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ConcurrentDictionary is a popular concurrent data structure that was introduced in .NET 4. In the .NET 4.5 release, ConcurrentDictionary gets two performance improvements.
One optimization is related to the way ConcurrentDictionary avoids torn reads and writes. To explain the background, all reference types and some value types are guaranteed to be read and written atomically by the Common Language Runtime, as defined in section 12.6.6 of the ECMA CLI specification. However, large value types such as System.Guid are not read and written atomically. So, if a thread writes values into a System.Guid field while another thread reads the values, the reader thread might observe a partly updated value that consists of bytes from the ‘old’ value mixed with bytes from the ‘new’ value. The reason behind this is that a write or a read of a System.Guid value is not atomic on X86/X64 machines.
To avoid torn reads and writes, the .NET 4 ConcurrentDictionary wraps all values in a node object. To modify a value associated with some key, ConcurrentDictionary allocates a new node object.
In .NET 4.5, ConcurrentDictionary<TKey,TValue> now avoids reallocating nodes on updates if TValue is a reference type or a small primitive value type (Int32, Single, Byte, etc.)
The example below demonstrates the improvement:
static void Example1(int key)
var d = new ConcurrentDictionary<int,int>();
for(int i = 0; i<10000000; i++)
d[key] = i;
Example1(0) executes about 10% faster in .NET 4.5 than it did in .NET 4.
The difference becomes more prominent when multiple threads are involved:
static void Example2()
() => Example1(0),
() => Example1(1),
() => Example1(2),
() => Example1(3));
Example2() calls Example1() on four different threads with different key values. In .NET 4.5, Example2 executes about 30-40% faster than it did .NET 4.
Another ConcurrentDictionary optimization that we introduced in .NET 4.5 is dynamic addition of locks. In .NET 4, the number of locks that protect a ConcurrentDictionary instance is fixed over the lifetime of the instance. By default, the number of locks is based on the number of processors, or alternatively, the user can provide a custom concurrency level.
In practice, a large number of locks is often desirable for maximum throughput. On the other hand, we don’t want to allocate too many lock objects, especially if the ConcurrentDictionary only ends up storing only a small number of items.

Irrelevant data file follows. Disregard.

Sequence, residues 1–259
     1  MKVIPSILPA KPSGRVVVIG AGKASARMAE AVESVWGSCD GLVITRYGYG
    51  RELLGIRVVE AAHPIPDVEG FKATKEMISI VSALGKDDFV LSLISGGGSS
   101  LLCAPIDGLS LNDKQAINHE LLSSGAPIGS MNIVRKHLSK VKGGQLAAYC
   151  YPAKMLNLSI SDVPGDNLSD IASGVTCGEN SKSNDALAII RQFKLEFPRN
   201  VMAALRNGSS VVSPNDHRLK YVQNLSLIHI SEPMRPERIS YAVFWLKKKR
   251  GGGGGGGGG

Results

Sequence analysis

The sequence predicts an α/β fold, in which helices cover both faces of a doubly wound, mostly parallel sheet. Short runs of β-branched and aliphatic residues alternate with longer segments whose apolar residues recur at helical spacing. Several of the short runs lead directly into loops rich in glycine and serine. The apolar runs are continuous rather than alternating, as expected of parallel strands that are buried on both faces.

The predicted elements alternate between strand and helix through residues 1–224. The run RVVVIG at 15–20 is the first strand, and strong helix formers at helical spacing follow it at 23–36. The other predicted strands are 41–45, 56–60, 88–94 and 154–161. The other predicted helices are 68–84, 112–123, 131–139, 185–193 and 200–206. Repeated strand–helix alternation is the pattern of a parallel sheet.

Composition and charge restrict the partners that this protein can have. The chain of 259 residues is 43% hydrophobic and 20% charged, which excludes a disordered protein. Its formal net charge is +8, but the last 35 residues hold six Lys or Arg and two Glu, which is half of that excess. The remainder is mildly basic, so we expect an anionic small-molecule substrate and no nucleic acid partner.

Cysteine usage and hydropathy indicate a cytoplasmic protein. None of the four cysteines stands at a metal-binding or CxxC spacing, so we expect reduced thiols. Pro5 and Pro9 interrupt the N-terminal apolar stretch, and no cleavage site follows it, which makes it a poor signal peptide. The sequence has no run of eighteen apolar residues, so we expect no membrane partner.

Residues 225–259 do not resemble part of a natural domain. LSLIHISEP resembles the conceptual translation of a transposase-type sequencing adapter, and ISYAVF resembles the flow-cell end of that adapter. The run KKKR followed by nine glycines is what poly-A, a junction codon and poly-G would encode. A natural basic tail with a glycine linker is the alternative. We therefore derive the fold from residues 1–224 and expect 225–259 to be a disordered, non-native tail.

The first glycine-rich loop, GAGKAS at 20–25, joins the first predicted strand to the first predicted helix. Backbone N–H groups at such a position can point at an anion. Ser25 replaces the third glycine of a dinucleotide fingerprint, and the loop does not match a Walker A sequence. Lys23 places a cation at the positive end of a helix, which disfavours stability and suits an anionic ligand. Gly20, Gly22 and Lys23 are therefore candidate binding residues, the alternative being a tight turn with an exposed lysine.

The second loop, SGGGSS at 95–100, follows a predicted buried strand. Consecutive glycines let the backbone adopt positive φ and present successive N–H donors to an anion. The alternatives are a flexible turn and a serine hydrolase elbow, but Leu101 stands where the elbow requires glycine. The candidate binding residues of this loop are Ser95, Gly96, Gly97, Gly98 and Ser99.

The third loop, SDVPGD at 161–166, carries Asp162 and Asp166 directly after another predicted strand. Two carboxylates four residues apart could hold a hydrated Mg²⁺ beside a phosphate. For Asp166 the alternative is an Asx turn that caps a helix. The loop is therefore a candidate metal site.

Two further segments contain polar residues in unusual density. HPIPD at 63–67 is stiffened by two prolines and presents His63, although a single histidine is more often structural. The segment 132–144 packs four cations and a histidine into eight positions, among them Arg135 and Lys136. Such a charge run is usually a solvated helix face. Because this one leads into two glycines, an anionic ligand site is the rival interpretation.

In .NET 4.5, ConcurrentDictionary will automatically add more locks as more values are stored in the dictionary. (Note that ConcurrentDictionary will not add more locks if the instance was initialized using one of the constructors that accept a concurrencyLevel argument.)
This example demonstrates the benefit of dynamic lock addition:
static void Example3()
var dict = new ConcurrentDictionary<int, int>();
Action<int> helper = constant =>
for (int i = 0; i < 10000000; i++)
dict[(constant + i) % 100000] = i;
() => helper(0),
() => helper(10000),
() => helper(20000),
() => helper(30000));
This example executes approximately 2.5 – 3X faster in .NET 4.5 compared to .NET 4 and demonstrates the combined effect of both optimizations (cheaper atomic updates and dynamic number of locks) acting together.
Very nice! We can always use more speed 'for free'
Looking at the source code I can't understand why hashCode of the Node is not used when searching for a particular key, but instead just the Node's key is checked for equality (using the comparer, which might be a rather slow operation). Checking the hashCode first (as Dictionary<,> does) will speed up things considerably (specially in additions)
@Panos: I agree that comparing the hash codes first would help in some scenarios. I will forward the feedback to the appropriate team. Thanks!
Reading and executing the benchmark code on this blog page:
is there any way to increase the speed of a ConcurrentDictionary when its size is preallocated? It seems that when preallocating the size the performance of a ConcurrentDictionary is actually *hindered* rather than improved; I would have thought the opposite since it shouldn't have to resize itself and request more memory space.